The word “masterwork” certainly applies to Bye Bye Birdie(1960), the Charles Strouse-Lee Adams musical hit whose movie soundtrack (from 1963) is made available here. It’s great to see Masterworks Broadway dipping its toes into the soundtrack market, and I’m also thrilled that they’re releasing the movie soundtrack of A Little Night Music on August 13, on CD format for the first time (along with bonus tracks). No fan of musicals will want to be without either of these releases, especially if Birdie is a sign of things to come. Didier C. Deutsch has produced the remastered reissue in honour of the film's fiftieth anniversary, and his liner notes in the lavish booklet make fascinating reading. Dick Van Dyke, Janet Leigh and Ann-Margret lead the cast in this perennial favourite, with hit songs including “Put On a Happy Face”, and the reissue is supplemented by bonus tracks including the film version of “One Last Kiss”. For me, the Broadway cast album will never be replaced, but this impeccably-presented soundtrack is a must-have, and let’s hope Masterworks Broadway continues to explore their back catalogue of movie musicals.
At the other end of the scale is Elephant Steps. It’s hard to think of anything less commercial, yet it’s intriguing to be able to hear this unusual piece from 1968 (recorded in 1973). Composed by Stanley Silverman and with libretto by Richard Foreman, the work is essentially an avant-garde opera, and certainly an art piece in spite of the use of some pop genres in the score. It even has the young Michael Tilson Thomas as the conductor. Elephant Steps was conceived as a “phantasmagorical radio show” and incorporates an instrumental ensemble of raga group, gypsy ensemble and elephants, amongst others. It seems to have been a complete experience, where “sound and light, language and music, images and movement, graphics and films, incense and machinery, props and performers are incorporated into a spectacular mix”, according to the press release.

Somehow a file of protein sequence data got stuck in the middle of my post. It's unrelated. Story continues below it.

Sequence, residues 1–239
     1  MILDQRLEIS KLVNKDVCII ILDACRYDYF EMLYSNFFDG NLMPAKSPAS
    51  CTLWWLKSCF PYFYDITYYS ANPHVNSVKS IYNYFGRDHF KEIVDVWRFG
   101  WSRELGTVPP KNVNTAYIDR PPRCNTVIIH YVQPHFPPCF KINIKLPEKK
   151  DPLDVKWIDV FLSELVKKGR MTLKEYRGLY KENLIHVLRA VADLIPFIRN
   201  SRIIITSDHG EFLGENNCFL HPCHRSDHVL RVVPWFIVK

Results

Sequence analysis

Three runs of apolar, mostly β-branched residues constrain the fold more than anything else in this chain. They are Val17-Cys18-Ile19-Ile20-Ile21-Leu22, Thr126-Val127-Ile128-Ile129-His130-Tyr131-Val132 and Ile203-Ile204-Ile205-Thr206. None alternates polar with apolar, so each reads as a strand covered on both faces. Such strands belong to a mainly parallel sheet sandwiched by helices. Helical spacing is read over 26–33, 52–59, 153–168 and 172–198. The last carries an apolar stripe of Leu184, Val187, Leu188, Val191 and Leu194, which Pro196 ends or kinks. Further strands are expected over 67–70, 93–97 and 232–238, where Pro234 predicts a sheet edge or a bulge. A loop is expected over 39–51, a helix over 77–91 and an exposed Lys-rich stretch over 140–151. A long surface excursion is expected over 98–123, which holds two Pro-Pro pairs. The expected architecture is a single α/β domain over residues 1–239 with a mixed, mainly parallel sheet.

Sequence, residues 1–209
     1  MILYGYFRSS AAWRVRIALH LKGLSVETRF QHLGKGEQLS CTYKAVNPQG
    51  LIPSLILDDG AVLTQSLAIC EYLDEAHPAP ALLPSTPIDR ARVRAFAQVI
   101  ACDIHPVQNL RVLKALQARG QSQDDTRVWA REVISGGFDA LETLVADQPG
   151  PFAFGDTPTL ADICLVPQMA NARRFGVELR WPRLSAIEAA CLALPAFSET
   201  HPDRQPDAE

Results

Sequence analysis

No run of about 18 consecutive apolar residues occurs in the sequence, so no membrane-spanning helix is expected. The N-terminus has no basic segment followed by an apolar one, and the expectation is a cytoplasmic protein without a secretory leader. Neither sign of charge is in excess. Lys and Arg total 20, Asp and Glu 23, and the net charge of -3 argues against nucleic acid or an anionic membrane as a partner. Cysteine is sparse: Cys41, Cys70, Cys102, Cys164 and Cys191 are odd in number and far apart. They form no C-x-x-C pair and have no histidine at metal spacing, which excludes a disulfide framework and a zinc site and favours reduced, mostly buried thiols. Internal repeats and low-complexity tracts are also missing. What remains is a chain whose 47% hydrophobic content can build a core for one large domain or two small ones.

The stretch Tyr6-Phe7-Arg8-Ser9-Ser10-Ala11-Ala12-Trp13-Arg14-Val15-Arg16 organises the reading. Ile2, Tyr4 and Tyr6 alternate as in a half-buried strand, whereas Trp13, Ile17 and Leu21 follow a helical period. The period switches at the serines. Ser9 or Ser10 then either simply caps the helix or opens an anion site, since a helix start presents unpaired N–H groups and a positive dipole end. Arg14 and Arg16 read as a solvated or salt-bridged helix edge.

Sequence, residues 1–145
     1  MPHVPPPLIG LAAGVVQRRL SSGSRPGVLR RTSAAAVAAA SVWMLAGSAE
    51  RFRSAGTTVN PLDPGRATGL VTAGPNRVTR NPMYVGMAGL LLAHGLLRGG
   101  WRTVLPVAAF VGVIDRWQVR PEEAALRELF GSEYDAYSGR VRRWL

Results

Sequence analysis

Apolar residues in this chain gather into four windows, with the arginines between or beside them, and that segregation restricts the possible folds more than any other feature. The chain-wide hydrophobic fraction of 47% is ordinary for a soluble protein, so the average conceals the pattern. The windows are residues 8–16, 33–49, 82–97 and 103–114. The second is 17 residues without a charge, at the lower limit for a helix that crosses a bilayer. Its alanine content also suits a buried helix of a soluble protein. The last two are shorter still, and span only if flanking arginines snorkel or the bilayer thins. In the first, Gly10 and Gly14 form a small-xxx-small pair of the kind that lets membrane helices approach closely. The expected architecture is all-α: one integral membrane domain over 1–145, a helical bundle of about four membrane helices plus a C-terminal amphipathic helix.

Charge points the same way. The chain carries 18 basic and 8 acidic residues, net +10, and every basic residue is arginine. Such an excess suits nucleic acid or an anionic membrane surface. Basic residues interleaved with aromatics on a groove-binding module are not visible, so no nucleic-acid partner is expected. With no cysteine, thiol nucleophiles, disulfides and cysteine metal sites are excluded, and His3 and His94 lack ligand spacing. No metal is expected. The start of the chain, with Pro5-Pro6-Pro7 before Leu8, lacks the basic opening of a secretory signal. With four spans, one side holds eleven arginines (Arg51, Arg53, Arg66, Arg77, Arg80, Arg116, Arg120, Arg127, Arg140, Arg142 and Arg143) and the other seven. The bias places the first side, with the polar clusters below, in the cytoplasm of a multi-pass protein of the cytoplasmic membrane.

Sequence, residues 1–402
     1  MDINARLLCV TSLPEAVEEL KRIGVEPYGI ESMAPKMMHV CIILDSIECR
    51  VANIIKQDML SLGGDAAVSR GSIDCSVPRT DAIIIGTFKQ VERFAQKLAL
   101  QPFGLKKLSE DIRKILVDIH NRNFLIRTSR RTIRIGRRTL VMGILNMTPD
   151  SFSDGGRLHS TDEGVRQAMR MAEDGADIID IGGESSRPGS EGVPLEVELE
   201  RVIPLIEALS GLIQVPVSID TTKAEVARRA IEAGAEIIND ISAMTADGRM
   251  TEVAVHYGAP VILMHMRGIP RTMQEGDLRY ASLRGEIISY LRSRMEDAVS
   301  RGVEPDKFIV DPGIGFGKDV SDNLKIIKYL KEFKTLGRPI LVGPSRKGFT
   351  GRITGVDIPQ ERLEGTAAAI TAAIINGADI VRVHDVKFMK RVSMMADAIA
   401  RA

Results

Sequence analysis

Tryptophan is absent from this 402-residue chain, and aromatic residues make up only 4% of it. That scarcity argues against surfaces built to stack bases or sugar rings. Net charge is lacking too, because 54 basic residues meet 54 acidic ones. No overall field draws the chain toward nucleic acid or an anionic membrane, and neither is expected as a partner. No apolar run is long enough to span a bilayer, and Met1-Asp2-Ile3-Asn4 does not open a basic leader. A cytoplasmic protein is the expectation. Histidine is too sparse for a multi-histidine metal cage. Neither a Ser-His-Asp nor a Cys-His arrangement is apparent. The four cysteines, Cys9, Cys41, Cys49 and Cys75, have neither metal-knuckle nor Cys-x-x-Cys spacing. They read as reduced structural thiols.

It’s probably not something for the Jerome Kern or Irving Berlin fan, but anyone with a serious interest in the development of music theatre in America in the last 1960s should certainly check it out. Helpfully, the liner booklet includes the texts, which brings everything into focus for the listener. The great thing about the label’s strategy is that each release normally comes as a direct contrast to the last. So the latest CD issue is Seven Come Eleven, a witty, sophisticated but slight café revue by the legendary Julius Monk. It’s not at all arty, and the material is amusing but easily forgettable. Yet for the collector, there’s much of interest here, including sketches by William F Brown (book writer for The Wiz) and lyrics by Bruce Geller (creator and producer of Mission: Impossible on TV).
Against such riches and rarities, I must confess that the label’s brand new recordings pale a little by comparison for me, even though they’re obviously important. The two cast albums could not be more different from one another. Chaplin: The Musicalclosed in January 2013 after only 136 performances, yet the music and lyrics by Christopher Curtis are charming and Rob McClure leads a fine cast. By contrast, Kinky Boots is the season’s big hit, but I just can’t seem to warm to Cyndi Lauper’s score, which is often quite generic and pop-based rather than dramatic. I’m sure it’s just a question of taste, but to my ears there’s not a great deal of storytelling going on here, in spite of a few strong numbers (e.g the more lyric-driven “Not My Father’s Son” and the inspired ballad “Hold Me in Your Heart”). Importantly, though, the show already has its audience, and it’s great that Sony has the album in its catalogue, especially if it helps to subsidise the wonderful programme to release its (presumably less commercial) back catalogue. The coming months include the first-ever CD release of Cowardy Custard alongside the soundtrack of Night Music, both of which will be hotly anticipated by the musical theatre connoisseur.